What it’s like to be pregnant in philosophy

Posted: April 14, 2011 by Jender in assumptions about mothers

This may have little to do with being a woman in PHILOSOPHY specifically, but I think it is relevant nevertheless. I’d certainly never thought about this kind of thing until it happened – and was shocked when it did.

When pregnant for the first time, and at a stage where this was showing, I attended a small-scale conference I’d organised. The day was, I suppose, a success, but I became increasingly distraught throughout: I was not able to steer a single conversation away from the pregnancy. Even explicit attempts on my side to talk about the topics of the conference or the content of the talks were quickly rebuffed by a comment or enquiry about my pregnancy.

I don’t really want to blame people here: I am sure everyone meant well and was showing a genuine and friendly interest, or perhaps what they thought was socially appropriate behaviour. But – this was a work event! I had put a lot of effort into organising it, and it should have contributed at least a little bit to my network and career. At the very least, I was there as a person interested in philosophy, and I would have liked to talk about philosophy! But as it stood, noone – I repeat, NOONE – asked me about my work, my professional interests, or engaged with me in philosophical terms in any way. I was “the pregnant one” – and I fear that few will remember me as anything but that.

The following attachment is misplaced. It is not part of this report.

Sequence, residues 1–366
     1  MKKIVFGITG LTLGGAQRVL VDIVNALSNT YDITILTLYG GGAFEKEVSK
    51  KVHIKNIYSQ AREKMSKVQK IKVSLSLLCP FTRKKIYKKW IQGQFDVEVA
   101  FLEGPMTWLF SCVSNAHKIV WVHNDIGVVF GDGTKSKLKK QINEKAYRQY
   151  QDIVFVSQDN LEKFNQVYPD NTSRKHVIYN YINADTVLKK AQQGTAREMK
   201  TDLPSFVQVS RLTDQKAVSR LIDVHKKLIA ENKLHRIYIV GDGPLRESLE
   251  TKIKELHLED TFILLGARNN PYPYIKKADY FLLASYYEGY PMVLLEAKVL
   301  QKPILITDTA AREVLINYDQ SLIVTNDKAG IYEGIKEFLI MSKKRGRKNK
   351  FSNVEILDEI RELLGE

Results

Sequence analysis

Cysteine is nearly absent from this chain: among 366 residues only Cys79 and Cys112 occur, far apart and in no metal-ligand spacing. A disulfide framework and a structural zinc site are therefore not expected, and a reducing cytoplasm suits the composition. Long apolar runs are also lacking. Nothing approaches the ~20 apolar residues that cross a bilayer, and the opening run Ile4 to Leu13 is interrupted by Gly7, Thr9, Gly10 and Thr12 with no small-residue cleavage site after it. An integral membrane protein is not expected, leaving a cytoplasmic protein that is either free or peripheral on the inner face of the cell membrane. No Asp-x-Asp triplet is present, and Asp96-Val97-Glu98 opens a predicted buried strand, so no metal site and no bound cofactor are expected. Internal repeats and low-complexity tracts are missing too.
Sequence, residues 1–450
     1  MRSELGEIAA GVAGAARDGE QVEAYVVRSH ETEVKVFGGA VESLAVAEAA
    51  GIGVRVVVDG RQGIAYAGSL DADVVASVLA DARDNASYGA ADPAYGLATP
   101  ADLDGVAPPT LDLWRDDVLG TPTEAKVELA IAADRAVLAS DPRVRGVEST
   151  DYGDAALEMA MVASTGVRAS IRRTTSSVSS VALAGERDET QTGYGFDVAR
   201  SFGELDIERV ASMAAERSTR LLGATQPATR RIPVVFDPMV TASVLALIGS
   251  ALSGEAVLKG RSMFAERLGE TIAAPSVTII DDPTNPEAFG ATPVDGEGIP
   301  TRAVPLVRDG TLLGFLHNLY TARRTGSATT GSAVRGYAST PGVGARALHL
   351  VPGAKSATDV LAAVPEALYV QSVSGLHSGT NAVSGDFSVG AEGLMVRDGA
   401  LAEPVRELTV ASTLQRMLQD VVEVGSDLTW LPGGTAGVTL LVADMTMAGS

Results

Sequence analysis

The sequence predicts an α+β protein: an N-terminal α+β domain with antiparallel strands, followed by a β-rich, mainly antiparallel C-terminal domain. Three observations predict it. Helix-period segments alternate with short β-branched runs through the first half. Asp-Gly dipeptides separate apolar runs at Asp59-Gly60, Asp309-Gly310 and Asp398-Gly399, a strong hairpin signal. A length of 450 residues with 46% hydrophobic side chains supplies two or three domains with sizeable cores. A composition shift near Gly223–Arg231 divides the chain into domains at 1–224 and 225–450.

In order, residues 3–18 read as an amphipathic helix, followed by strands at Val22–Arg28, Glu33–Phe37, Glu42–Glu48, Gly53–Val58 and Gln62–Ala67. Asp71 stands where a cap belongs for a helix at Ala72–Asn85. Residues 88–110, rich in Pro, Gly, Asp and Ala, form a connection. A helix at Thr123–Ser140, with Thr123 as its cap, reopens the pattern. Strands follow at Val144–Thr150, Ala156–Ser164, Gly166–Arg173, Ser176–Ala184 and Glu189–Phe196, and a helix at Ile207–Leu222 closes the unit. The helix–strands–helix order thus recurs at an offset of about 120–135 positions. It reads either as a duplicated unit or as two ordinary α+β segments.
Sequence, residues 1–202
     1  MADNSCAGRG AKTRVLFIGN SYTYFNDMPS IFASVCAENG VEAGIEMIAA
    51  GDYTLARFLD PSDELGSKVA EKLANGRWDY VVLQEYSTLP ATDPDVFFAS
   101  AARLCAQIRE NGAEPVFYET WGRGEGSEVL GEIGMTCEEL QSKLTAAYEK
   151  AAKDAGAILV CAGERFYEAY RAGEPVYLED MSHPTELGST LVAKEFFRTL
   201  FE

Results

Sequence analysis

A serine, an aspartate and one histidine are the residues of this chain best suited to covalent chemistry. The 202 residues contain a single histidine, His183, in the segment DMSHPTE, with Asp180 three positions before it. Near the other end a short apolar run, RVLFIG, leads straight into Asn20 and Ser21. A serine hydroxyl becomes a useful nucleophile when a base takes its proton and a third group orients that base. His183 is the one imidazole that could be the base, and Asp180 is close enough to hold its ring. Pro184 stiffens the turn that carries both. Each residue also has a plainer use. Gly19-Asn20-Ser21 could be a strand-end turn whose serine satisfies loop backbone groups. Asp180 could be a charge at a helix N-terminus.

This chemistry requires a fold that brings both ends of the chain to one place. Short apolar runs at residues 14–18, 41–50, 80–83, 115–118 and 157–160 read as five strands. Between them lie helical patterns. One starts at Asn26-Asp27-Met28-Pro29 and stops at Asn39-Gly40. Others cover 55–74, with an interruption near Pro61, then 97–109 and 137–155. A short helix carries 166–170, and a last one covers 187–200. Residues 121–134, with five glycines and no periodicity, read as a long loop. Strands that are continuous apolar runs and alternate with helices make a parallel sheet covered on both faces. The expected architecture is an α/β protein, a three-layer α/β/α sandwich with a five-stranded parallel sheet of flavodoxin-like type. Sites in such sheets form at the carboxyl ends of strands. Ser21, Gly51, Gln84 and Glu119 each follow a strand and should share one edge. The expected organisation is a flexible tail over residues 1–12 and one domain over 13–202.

Worse even: during the day of the conference the date of a related event was pinned down for the next year – over 6 months after my due date and 2 and a half months after I was planning to return to work. But I wasn’t asked about my plans: instead I received many comments on the day (and received emails since) that made one thing very clear: everyone blindly assumed that I would not be attending the next event. I would have “better things to do”.

I have rarely felt more demoralised about being a woman in philosophy. I thought I would show them: a pregnant, clever, engaged and interesting WOMAN in philosophy. As prejudice-busting as can be. Instead, few if any will have remembered me as a philosopher at all – and certainly noone will think of me when they are looking for speakers at their own events! How could they? They never asked me about my work or engaged with me as a professional.

Of course I realise noone will have meant ill – in fact everyone will have had the very best of intentions, and I do not want to blame any of the attending individuals. No – this is probably the ultimate unintentional harm. But harm it is nevertheless; for all my hard work and months of organisation, the one message that my conference succeeded in sending out to my academic peers is that I would be out of business for the next year or so. I cannot think of a better way to kill one’s career.

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